Supported by the government, the United Kingdom is one of the leading early adopters of BIM, after the realising that the construction sector was in shambles, the government commissioned researchers to study the construction sector and present findings and recommendations to the government. The reports identified many issues that needed addressing, one of the solutions to projects going over budget, accumulating waste, inconsistent information and lack of collaboration gave birth to BIM which is now being used to across the construction sector. Results show that utilisation of BIM saves project construction cost, reduced or eradicate rework, informed decision in terms of feasibility of the project since cost simulation is run during the design stage and improves.
Time for Africa to embrace technology within the construction industry, others may argue that this is not conducive for Arica, one wonders why Africa should be on the tail of technology adoption, the drive should be across industries and not only to the Architectural Engineering and Construction sector (AEC).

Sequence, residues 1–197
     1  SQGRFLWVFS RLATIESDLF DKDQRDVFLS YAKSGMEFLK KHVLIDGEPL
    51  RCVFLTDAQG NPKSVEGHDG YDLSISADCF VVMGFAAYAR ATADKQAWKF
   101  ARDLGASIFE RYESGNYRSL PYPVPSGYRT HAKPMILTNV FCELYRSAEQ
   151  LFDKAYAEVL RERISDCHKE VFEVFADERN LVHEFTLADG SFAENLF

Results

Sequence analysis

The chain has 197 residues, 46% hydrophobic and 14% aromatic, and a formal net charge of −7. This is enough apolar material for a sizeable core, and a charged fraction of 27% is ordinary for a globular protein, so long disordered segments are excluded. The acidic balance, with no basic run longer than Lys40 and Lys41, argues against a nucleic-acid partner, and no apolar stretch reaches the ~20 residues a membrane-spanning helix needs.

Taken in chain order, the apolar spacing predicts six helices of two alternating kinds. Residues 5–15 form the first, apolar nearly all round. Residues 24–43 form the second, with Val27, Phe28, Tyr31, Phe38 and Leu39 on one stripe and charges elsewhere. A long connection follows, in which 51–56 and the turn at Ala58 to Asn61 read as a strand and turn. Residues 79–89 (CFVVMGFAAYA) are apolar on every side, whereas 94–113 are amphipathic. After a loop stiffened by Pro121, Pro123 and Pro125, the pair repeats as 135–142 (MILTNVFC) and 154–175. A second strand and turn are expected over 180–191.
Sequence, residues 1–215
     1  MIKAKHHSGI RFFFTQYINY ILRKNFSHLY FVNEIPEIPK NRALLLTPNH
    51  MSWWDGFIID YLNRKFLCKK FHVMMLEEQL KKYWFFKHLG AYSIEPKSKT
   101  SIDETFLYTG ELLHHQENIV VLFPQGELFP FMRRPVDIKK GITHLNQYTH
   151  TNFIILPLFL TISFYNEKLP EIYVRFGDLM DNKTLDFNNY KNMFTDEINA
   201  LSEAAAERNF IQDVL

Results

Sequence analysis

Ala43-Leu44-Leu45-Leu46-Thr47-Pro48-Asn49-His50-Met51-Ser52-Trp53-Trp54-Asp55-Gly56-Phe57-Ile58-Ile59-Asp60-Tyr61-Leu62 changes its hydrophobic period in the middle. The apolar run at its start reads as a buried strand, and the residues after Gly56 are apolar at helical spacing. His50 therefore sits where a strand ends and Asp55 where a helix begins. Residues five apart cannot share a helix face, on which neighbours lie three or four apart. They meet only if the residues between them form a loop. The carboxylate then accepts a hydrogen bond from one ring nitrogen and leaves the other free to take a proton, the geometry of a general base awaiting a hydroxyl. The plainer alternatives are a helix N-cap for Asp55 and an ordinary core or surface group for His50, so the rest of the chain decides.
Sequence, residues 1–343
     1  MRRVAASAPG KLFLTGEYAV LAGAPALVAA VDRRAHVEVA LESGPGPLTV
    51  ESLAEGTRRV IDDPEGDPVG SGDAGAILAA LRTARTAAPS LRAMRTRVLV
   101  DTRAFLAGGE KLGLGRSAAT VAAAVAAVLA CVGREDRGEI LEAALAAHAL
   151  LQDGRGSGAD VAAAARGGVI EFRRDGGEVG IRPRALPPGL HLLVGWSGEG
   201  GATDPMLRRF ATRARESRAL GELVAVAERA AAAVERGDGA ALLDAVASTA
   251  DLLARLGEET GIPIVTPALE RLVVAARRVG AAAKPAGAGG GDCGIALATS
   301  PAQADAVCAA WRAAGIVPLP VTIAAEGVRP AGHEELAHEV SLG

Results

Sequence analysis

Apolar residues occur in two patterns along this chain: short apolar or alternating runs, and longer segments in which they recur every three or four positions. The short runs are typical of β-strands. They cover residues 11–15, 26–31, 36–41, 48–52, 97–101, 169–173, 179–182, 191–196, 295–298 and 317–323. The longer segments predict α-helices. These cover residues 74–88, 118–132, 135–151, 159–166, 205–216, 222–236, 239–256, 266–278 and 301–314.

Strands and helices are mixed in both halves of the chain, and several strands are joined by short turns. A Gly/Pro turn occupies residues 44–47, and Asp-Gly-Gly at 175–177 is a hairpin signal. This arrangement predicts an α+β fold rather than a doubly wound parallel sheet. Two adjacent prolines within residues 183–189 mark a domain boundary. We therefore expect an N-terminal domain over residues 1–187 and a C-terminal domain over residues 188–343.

Other countries have begun to make use of robots and artificial intelligence (AI) to monitor construction progress with real-time, actionable data to improve construction site productivity. Autonomous drones and rovers are equipped with high-definition cameras to snap photographs and scan the construction site each day with pinpoint accuracy that could be used to create time-lapse videos showing project progress reporting. Data collected would enhance the quality of the worksite, construction processes and health and safety improvements. AI then uses those scans to compare against your BIM models, 3D drawings, construction schedule, and estimates to inspect the quality of the work performed and to determine how much progress has been made each day.